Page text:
“Africell is taking the lead in prioritizing devices from organizations and countries that respect individual rights and the rule of law,” said Bonnie Glick. “Telecoms is a highly strategic sector in Africell’s business markets. In order for emerging markets to be competitive, they need access to broadband connections. The presence of more trusted technology in these markets thanks to Africell makes them freer and safer.”

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The Tech Freedom Awards also coincide with the first anniversary of the founding of the Krach Institute for Tech Diplomacy in Purdue, the world’s leading institution focused on Tech Statecraft, a new model of diplomacy that integrates high-tech strategy with foreign policy tools , to the adoption of proven technology.

“The Institute for Tech Diplomacy has quickly become the leading authority on Tech Statecraft education and application. Our mission to advance freedom through trusted technology represents the fifth pillar in Purdue’s reputation as a leading national security university,” Krach said at the gala. “The other four pillars are: leadership in national security technology research, commercialization capabilities from lab to factory, prioritization in STEM education and workforce reskilling, and a track record of innovative corporate partnerships. During Secretary of State Antony Blinken and Secretary of Commerce Gina Raimondo’s historic visit to Purdue this week, we had the opportunity to showcase these five pillars of national security and demonstrate the university’s leadership in semiconductor engineering and manufacturing.”

During her visit to Purdue’s Birck Nanotechnology Center, Secretary Blinken remarked, “Purdue is the most exciting human fab I have ever seen. If you need a jolt of optimism about our country, optimism about the future—it’s all right here at Purdue.” When Purdue President Mitch Daniels asked him about the importance of tech diplomacy, he replied, “We want to make sure technology doesn’t used for evil. To ensure technology is used in a way that reflects our values ​​and to ensure we have the organization and talent to lead the day. All of this is part of tech diplomacy.”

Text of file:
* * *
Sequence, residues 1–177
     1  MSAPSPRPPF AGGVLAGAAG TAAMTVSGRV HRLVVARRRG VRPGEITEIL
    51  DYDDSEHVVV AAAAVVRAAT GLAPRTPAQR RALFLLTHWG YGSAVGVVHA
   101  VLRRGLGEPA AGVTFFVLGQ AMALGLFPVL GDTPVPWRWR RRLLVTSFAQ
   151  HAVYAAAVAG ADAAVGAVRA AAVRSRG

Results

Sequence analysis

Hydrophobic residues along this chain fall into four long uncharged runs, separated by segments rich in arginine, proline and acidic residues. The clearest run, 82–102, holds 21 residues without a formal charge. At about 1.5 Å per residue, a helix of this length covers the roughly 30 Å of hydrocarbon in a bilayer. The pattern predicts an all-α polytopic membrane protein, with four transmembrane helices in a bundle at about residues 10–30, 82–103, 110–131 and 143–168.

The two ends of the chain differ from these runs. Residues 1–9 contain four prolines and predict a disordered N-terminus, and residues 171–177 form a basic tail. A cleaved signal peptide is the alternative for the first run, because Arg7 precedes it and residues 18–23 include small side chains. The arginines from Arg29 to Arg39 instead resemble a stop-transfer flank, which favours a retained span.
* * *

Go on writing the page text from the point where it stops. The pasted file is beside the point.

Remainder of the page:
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Secretary Raimondo noted, “Purdue’s state-of-the-art research and talent development programs are at the forefront of helping us shape the future of innovation in America’s semiconductor manufacturing industry.” She concluded, “I have to tell you all, how blown away we are by what we saw at Purdue. Unbelievable. This is what America needs; public sector collaboration with private sector collaboration with universities unlocking the next generation of talent, solving problems in an interdisciplinary way. You have all the ingredients.”


The non-partisan Krach Institute for Tech Diplomacy in Purdue is dedicated to the mission of advancing freedom through trustworthy technology and democratic principles. The Krach Institute leverages Purdue’s leadership in innovative research, commercialization, STEM education, corporate partnerships and national security to advance the field of tech diplomacy and tech statecraft. It is the world’s pre-eminent institution focused on tech-statecraft, a new model of diplomacy that integrates high-tech strategies and foreign policy tools with the aim of winning allies, leveraging the private sector and promoting democratic values ​​based on to strengthen trust.

For more information, visit and follow the Krach Institute for Tech Diplomacy at Purdue on TwitterLinkedIn and YouTube.

Editors/Producers: Photos by The Krach Institute for Tech Diplomacy in Purdue Tech Freedom Awards are available upon request. Experts are available for media interviews on the following topics: Semiconductors, 5G/6G, Artificial Intelligence, Energy/Climate, Hypersonic, Quantum Computing, Rare Earths, Synthetic Biology, Composite Manufacturing, Agricultural Technology, Global Supply Chains, Cryptocurrency and Global Financial Security.

James Nash

E-mail: [email protected]

Source: Krach Institute for Tech Diplomacy in Purdue